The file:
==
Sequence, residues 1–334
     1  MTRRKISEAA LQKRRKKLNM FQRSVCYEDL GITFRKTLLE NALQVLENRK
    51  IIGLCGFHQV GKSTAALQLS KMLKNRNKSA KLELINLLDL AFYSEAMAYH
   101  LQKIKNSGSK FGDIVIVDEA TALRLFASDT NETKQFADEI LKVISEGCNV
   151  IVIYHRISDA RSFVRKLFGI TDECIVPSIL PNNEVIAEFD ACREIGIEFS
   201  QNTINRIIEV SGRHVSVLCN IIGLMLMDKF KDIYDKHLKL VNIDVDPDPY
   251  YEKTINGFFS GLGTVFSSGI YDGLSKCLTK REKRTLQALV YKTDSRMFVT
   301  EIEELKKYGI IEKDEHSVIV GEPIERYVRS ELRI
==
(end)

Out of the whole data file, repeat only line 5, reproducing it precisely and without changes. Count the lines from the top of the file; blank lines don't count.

   151  IVIYHRISDA RSFVRKLFGI TDECIVPSIL PNNEVIAEFD ACREIGIEFS